top of page

Delving into the Auditory World: Understanding Eustachian Tube Dysfunction, and Treatment Options

Updated: Jan 18

The Eustachian tube is your gateway to ear health. The Eustachian tube is a small but crucial passageway connecting the middle ear to the back of the nose. It plays a pivotal role in maintaining ear health. Normally closed, it opens during activities like swallowing, sneezing, or yawning. We each possess two Eustachian tubes, one linked to the right ear and the other to the left.

This blog delves into the dual functions of the Eustachian tube. Firstly, it facilitates the ventilation of the middle ear, ensuring equal pressure on both sides of the eardrum for proper functioning and vibration. Secondly, it serves as a drainage route for mucous, safeguarding the middle ear against fluid, bacteria, and other pathogens.

However, when the Eustachian tube malfunctions, it gives rise to Eustachian Tube Dysfunction (ETD). ETD can lead to symptoms such as a blocked or full sensation in the ear, muffled sound, pain, and even a sensation of imbalance. Causes range from allergies and infections to sinus inflammation and muscular issues.

In this blog, we explore how to identify Eustachian Tube Dysfunction and discuss treatment options available. From simple measures like nasal sprays, rest, and hydration to professional hearing and ear assessments at Family Hearing Centre, we guide you through understanding and treating ETD symptoms.

Diagram of the Eustachian Tube.
Image from Cleveland Clinic.

Understanding the Eustachian Tube

The Eustachian tube is a small passageway that connects the middle ear to the back of the nose. It is normally closed, but opens when sneezing, swallowing or yawning. We each have two Eustachian tubes, one connected to the right ear and one connected to the left ear.

What does the Eustachian tube do?

  • The Eustachian tube ventilates the middle ear which allows pressure on either side of the eardrum to be equal. This enables the proper functioning and vibration of the eardrum.

  • The Eustachian tube allows mucous to drain from the middle ear into the back of the nose, protecting the middle ear from fluid, bacteria and other pathogens.

What signs indicate a blocked or malfunctioning Eustachian tube?

Eustachian Tube Dysfunction (ETD) describes the condition where the Eustachian tube(s) does not work properly. In Obstructive ETD, the Eustachian tubes can become swollen, inflamed, blocked or otherwise result in reduced air pressure in your middle ear. This can cause your eardrum to retract (be pulled inwards) and result in one or some of the following symptoms:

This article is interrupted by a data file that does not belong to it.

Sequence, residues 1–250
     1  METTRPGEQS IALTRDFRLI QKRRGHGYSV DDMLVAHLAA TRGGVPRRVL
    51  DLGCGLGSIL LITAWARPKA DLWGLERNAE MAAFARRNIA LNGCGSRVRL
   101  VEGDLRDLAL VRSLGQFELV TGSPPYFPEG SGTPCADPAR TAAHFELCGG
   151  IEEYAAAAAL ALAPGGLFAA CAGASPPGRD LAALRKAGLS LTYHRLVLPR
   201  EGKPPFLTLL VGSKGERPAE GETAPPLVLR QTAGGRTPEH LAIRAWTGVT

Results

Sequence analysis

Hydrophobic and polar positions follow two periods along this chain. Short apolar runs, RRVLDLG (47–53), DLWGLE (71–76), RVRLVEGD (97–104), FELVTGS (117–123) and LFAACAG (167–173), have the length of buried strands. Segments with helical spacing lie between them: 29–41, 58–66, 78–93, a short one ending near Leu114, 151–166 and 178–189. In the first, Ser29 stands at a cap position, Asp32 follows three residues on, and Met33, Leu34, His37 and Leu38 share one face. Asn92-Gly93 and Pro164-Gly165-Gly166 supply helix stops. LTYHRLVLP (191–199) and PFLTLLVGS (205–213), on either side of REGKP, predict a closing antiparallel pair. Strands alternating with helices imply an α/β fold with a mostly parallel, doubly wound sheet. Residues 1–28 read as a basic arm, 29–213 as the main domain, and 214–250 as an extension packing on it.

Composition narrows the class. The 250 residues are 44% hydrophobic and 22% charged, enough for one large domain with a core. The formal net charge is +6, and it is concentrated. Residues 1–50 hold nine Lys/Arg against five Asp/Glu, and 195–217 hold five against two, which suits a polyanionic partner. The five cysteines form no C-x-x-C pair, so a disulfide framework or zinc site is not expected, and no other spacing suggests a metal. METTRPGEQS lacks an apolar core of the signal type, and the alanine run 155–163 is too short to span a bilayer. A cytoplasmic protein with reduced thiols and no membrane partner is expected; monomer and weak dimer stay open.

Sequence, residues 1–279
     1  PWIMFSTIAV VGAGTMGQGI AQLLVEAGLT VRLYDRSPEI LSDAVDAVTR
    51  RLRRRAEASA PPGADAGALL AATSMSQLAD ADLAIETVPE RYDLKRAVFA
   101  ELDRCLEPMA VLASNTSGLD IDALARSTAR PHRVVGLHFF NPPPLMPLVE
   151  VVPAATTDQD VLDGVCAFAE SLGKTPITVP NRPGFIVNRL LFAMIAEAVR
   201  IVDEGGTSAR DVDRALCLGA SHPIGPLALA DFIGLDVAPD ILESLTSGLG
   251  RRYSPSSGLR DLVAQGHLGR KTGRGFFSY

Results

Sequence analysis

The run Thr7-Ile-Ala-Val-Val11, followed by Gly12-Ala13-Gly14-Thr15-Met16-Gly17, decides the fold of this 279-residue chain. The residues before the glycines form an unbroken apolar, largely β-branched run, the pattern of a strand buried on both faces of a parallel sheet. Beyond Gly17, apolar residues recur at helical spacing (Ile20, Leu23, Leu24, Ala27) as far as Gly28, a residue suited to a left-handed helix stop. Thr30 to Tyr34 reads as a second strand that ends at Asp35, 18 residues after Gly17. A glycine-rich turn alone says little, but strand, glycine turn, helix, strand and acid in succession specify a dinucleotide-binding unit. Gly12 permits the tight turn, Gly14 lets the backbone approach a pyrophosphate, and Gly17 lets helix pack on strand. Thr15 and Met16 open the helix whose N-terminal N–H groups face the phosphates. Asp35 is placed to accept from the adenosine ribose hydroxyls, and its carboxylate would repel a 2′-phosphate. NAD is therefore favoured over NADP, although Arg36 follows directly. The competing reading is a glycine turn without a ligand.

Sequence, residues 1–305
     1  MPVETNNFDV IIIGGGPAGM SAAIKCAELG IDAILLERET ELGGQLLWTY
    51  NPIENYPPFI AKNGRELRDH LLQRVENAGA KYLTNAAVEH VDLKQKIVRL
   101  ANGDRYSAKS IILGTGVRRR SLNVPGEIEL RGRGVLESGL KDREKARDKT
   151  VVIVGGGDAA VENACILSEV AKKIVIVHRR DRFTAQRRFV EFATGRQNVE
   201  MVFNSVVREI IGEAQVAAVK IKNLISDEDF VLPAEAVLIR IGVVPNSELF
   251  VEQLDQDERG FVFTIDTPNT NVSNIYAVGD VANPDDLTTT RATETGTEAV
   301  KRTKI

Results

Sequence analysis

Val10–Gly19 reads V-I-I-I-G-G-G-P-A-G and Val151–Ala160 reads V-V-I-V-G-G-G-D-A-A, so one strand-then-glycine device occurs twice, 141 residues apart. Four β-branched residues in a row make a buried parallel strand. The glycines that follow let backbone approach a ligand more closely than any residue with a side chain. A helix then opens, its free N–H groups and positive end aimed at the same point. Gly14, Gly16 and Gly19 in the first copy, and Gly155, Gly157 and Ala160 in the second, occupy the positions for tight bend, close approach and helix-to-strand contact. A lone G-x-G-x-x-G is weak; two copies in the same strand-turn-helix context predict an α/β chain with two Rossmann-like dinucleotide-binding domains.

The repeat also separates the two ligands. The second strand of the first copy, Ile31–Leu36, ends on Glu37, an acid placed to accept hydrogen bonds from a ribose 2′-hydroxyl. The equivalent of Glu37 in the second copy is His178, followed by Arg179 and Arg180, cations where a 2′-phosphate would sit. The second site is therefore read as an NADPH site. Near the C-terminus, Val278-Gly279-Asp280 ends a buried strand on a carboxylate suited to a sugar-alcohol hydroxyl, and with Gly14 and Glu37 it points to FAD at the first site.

• A blocked or full sensation in the ear(s) which can be constant or intermittent

  • Muffled sound and/or hearing difficulties

  • Hearing your own voice amplified in your head

  • Popping, clicking, or squelching sensation

  • Pain in the ear(s)

  • Ringing in the ear(s) – tinnitus

  • A sensation of imbalance

What is the main cause of Eustachian Tube Dysfunction?

Some of the main causes of Eustachian Tube Dysfunction are:

  • Allergies

  • Infections e.g. common cold/flu and upper respiratory tract infections

  • Inflammation of the sinuses i.e. sinusitis

  • Muscles associated with Eustachian tube opening not working properly

  • Compression of the Eustachian tube e.g. due to enlarged/inflamed adenoids

  • Other risk factors such as acid reflux, tobacco smoke and radiation exposure

Chronic Eustachian Tube Dysfunction symptoms and treatment options

Eustachian tube dysfunction (ETD) assessment at Family Hearing Centre
Chatu Nelumdeniya, Senior Audiologist at Family Hearing Centre

When you have a blocked ear and some of the symptoms Eustachian Tube dysfunction described above, it can be hard to determine if your ear is blocked with ear wax requiring removal, or whether your Eustachian tube is not working properly.

As senior Auckland audiologists at Family Hearing Centre, we can assess your ear canal, eardrum movement and middle ear health which tells us what could be causing the blocked sensation when you book in for an appointment at Family Hearing Centre.

Eustachian Tube Dysfunction treatment at home

Simple methods such as nasal sprays applied in the correct way, rest and drinking plenty of fluids can be a starting point to addressing the symptoms associated with ETD. Blowing your nose regularly can be more helpful than sniffing inwards, if you are recovering from a cold. Swallowing, chewing, or forced exhalation against a closed mouth and nose (Valsalva manoeuver) can help to relieve symptoms for some.

For cases that are ongoing, recurrent, concerning/frustrating or problematic, your Audiologist at Family Hearing Centre may further refer you to an Ear, Nose and Throat (ENT) specialist for further investigation and management.

If you have blocked ears or suspect that you may have Eustachian Tube Dysfunction and would like an appointment at our Auckland ear and hearing clinic, call 09 217 6944 or book your Audiology appointment with us today!

82 views0 comments

Recent Posts

See All


bottom of page